WASHINGTON, March 10 (Reuters) – Shifts in U.S. employment over the past two years toward sectors with higher wages and productivity, and higher average hours worked, may drive further gains in labor productivity going forward, two top Treasury Department economists said on Friday.
The U.S. recovery from the COVID-19 pandemic has seen employment recovering “much faster” than after recent recessions, Ben Harris, assistant secretary for economic policy, and Tara Sinclair, deputy assistant secretary for macroeconomics, said in an analysis.
Assessing U.S. economic developments two years after President Joe Biden’s COVID relief package, the American Rescue Plan, Harris and Sinclair said the labor market recovery had been “exceptionally strong,” the economy was now over 5% bigger than before the pandemic began and core inflation was lower than in many major advanced economies.
“Acknowledging that other advanced economies faced different economic shocks — notably, our European partners were more adversely affected by Russia’s war against Ukraine — the evidence shows that the U.S. economic recovery has been quite strong,” they wrote. “Data suggests that the actions taken by the Biden administration meaningfully contributed to the pace of recovery and strength of the labor market.”
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The posting coincided with a release of new Labor Department data showing a slight increase in the U.S. unemployment rate to 3.6% in February and higher-than-expected payroll gains, with hiring concentrated in a narrower range of industries.
Harris and Sinclair did not address the fresh data, but noted significant differences in employment statistics among Group of Seven economies in the early phase of the pandemic, largely due to differences in how those economies supported workers and businesses during the shutdowns.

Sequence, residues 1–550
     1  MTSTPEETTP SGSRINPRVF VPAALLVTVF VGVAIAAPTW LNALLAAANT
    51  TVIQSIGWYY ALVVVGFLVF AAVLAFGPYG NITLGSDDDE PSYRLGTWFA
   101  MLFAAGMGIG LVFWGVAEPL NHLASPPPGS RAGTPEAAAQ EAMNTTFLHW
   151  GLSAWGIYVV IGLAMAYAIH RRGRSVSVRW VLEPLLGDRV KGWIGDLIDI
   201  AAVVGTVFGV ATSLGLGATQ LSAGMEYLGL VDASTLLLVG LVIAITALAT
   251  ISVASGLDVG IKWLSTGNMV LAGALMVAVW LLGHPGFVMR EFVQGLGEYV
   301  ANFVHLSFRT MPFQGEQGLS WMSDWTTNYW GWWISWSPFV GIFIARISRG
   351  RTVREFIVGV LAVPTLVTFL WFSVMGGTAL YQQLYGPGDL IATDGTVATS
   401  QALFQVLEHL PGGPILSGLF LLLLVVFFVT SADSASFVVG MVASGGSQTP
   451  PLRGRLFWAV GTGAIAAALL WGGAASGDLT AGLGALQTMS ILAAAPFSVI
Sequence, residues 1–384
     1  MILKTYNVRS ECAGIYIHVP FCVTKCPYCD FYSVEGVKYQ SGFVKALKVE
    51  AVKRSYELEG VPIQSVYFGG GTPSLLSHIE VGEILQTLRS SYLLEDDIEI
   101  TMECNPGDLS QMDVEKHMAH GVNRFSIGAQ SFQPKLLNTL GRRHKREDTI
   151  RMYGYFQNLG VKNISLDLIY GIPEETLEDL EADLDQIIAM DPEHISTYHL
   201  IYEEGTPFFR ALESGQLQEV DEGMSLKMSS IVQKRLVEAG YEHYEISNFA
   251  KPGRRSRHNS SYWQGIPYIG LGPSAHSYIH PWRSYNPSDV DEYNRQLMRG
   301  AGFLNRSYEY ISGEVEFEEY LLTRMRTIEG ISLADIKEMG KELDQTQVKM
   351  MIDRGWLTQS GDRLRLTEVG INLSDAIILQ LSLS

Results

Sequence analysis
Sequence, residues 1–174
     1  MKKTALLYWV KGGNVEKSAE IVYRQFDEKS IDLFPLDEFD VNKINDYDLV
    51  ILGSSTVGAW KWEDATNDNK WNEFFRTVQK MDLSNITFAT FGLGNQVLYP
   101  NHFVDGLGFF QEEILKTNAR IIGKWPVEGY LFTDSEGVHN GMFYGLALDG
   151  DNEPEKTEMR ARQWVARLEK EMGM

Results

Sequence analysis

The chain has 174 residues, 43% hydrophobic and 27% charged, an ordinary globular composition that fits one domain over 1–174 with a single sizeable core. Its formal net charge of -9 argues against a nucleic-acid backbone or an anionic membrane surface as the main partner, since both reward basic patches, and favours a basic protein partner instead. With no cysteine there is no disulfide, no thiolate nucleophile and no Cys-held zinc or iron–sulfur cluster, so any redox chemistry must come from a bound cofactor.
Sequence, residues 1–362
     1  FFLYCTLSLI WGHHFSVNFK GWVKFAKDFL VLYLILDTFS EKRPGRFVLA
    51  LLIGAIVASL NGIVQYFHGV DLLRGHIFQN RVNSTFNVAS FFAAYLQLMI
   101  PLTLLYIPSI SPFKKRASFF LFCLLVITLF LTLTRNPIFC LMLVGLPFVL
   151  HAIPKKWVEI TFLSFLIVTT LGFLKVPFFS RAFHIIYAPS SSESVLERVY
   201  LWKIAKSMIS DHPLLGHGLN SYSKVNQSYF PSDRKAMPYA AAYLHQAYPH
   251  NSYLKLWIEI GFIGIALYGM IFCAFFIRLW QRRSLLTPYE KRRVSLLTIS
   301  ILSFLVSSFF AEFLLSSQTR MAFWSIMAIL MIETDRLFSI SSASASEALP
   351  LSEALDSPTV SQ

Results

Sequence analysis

In the United States and Canada, unemployment insurance was most suited to rapid, large-scale support. Meanwhile many European economies leveraged social safety nets, often in a way that led to continued employment in official statistics.
Despite differences in the initial response, employment rates were now low across the G7 nations, they said.
But labor productivity growth in the United States had outpaced that of Europe and Japan, possibly because the U.S. unemployment insurance system allowed greater movement of labor relative to systems that preserved employer attachment.
“In general, U.S. employment has reallocated from lower wage industries to high-wage and higher productivity industries. U.S. employment has also shifted to industries with higher average hours worked, implying a stronger recovery in hours relative to employment. This reallocation of labor may drive further gains in labor productivity going forward,” they said.
Reporting by Andrea Shalal; Editing by Chizu Nomiyama and David Gregorio
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